NASA is investigating the potential benefits of flying aircraft in the aerodynamic wake vortex emanating from a lead aircraft's wing tip. Analytic studies predict that a trailing aircraft in the updraft portion of a wake vortex may experience drag reductions of 15 percent or more by gaining additional lift. One of the technical challenges is finding the optimal position within the vortex to fly. This Armstrong research project is evaluating a methodology that fuses data from existing sensors to estimate the optimal position. Work to date: A proof-of-concept simulation has demonstrated improvement in vortex estimation when combining data from the aircraft's moment and fuel flow sensors. Looking ahead: Near-term work involves building software to perform data fusion with real-time measurements. Longer-term goals are to evaluate the approach on an actual flight test and then a live demonstration of formation flight for drag reduction and fuel savings. Benefits Improves accuracy: In simulations, data fusion of moment and fuel flow sensors more accurately estimate the vortex core than do data from the individual sensors. Increases efficiency: Improved accuracy will result in greater drag reduction and fuel savings. Applications Military formation flying Commercial formation flying Unmanned aerial vehicle swarmingMore »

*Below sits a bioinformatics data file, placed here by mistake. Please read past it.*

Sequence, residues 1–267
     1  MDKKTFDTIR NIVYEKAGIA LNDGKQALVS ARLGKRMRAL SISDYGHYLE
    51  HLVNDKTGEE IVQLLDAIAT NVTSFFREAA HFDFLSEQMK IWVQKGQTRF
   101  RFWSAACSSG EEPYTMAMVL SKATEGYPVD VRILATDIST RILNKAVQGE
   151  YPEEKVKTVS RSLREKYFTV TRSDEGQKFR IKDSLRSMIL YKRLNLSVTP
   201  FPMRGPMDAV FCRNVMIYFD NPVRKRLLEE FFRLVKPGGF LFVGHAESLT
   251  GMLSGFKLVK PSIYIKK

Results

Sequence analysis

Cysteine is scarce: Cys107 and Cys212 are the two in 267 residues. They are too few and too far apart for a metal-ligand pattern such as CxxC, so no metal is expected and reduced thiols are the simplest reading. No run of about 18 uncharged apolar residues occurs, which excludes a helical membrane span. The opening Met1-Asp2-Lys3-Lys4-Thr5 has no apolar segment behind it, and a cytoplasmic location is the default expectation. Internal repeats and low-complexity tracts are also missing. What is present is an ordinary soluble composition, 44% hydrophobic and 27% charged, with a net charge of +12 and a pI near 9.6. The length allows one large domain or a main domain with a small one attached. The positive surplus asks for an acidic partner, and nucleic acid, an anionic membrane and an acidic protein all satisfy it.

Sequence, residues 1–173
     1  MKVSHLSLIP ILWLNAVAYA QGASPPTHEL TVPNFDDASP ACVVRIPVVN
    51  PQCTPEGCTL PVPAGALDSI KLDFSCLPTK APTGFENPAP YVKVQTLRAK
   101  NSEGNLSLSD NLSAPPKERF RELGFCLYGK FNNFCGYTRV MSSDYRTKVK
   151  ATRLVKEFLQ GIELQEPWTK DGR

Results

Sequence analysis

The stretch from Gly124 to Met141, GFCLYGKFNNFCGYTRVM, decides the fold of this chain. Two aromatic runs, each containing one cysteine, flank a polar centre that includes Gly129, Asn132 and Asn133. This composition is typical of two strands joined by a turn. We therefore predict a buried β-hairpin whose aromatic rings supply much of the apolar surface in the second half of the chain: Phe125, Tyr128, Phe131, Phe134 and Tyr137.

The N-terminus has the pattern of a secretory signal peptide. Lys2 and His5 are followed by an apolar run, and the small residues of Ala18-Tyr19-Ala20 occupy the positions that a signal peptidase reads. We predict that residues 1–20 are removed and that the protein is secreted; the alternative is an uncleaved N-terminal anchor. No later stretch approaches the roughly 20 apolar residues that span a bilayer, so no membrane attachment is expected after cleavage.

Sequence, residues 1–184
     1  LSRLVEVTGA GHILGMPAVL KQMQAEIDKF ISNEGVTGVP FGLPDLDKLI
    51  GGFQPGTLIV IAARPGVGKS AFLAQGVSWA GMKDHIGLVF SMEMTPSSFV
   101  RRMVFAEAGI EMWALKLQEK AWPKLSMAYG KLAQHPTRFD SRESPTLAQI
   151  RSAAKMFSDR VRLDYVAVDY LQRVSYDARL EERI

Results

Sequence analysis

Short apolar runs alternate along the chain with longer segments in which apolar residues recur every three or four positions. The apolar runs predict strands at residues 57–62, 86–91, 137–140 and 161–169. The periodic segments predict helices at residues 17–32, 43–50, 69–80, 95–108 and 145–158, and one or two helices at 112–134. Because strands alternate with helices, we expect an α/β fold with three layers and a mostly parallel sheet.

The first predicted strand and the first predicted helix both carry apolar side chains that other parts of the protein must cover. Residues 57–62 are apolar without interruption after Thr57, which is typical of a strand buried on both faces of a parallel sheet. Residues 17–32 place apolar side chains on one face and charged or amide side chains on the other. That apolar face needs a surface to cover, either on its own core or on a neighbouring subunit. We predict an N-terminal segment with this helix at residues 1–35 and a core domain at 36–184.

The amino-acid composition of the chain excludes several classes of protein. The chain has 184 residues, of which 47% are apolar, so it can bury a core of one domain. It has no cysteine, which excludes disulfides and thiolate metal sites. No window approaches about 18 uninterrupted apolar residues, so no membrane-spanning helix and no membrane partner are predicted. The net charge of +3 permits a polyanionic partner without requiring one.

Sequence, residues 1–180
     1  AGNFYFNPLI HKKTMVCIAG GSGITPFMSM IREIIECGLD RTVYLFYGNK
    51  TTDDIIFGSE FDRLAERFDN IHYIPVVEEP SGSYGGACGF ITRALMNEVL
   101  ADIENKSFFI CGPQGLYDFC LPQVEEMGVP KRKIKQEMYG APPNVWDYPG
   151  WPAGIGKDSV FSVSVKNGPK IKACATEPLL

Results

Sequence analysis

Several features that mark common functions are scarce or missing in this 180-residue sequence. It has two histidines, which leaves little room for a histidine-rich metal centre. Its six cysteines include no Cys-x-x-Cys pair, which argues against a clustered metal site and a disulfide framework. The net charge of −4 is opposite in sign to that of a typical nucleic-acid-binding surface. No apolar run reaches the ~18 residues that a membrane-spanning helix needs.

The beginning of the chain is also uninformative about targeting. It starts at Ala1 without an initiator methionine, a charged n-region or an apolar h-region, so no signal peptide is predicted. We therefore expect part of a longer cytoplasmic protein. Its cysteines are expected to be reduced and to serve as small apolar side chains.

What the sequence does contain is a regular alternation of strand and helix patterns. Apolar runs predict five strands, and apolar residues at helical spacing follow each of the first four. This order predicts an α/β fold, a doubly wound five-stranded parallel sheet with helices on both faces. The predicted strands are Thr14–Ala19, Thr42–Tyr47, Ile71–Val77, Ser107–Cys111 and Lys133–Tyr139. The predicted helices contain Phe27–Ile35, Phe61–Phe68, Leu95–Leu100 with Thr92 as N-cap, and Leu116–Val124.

|Organizations Performing Work||Role||Type||Location|
|Armstrong Flight Research Center (AFRC)||Lead Organization||NASA Center||Edwards, CA|
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